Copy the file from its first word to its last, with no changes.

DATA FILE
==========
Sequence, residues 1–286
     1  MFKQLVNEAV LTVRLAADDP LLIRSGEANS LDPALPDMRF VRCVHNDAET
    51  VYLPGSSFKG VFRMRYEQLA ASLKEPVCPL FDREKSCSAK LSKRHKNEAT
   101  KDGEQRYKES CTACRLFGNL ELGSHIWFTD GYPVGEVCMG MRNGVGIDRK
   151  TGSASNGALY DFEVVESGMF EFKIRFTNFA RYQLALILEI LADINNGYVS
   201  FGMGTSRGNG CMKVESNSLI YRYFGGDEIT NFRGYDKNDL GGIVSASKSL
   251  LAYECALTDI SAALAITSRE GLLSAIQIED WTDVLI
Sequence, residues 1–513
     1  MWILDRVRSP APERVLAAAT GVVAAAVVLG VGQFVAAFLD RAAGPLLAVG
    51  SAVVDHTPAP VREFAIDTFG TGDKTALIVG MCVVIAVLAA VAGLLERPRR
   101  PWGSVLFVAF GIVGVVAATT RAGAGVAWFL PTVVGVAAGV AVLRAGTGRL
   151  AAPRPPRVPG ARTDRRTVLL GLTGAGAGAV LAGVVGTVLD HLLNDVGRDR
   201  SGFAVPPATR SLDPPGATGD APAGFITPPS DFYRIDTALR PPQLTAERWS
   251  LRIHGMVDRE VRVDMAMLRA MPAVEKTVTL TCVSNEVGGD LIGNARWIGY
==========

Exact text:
Sequence, residues 1–286
     1  MFKQLVNEAV LTVRLAADDP LLIRSGEANS LDPALPDMRF VRCVHNDAET
    51  VYLPGSSFKG VFRMRYEQLA ASLKEPVCPL FDREKSCSAK LSKRHKNEAT
   101  KDGEQRYKES CTACRLFGNL ELGSHIWFTD GYPVGEVCMG MRNGVGIDRK
   151  TGSASNGALY DFEVVESGMF EFKIRFTNFA RYQLALILEI LADINNGYVS
   201  FGMGTSRGNG CMKVESNSLI YRYFGGDEIT NFRGYDKNDL GGIVSASKSL
   251  LAYECALTDI SAALAITSRE GLLSAIQIED WTDVLI
Sequence, residues 1–513
     1  MWILDRVRSP APERVLAAAT GVVAAAVVLG VGQFVAAFLD RAAGPLLAVG
    51  SAVVDHTPAP VREFAIDTFG TGDKTALIVG MCVVIAVLAA VAGLLERPRR
   101  PWGSVLFVAF GIVGVVAATT RAGAGVAWFL PTVVGVAAGV AVLRAGTGRL
   151  AAPRPPRVPG ARTDRRTVLL GLTGAGAGAV LAGVVGTVLD HLLNDVGRDR
   201  SGFAVPPATR SLDPPGATGD APAGFITPPS DFYRIDTALR PPQLTAERWS
   251  LRIHGMVDRE VRVDMAMLRA MPAVEKTVTL TCVSNEVGGD LIGNARWIGY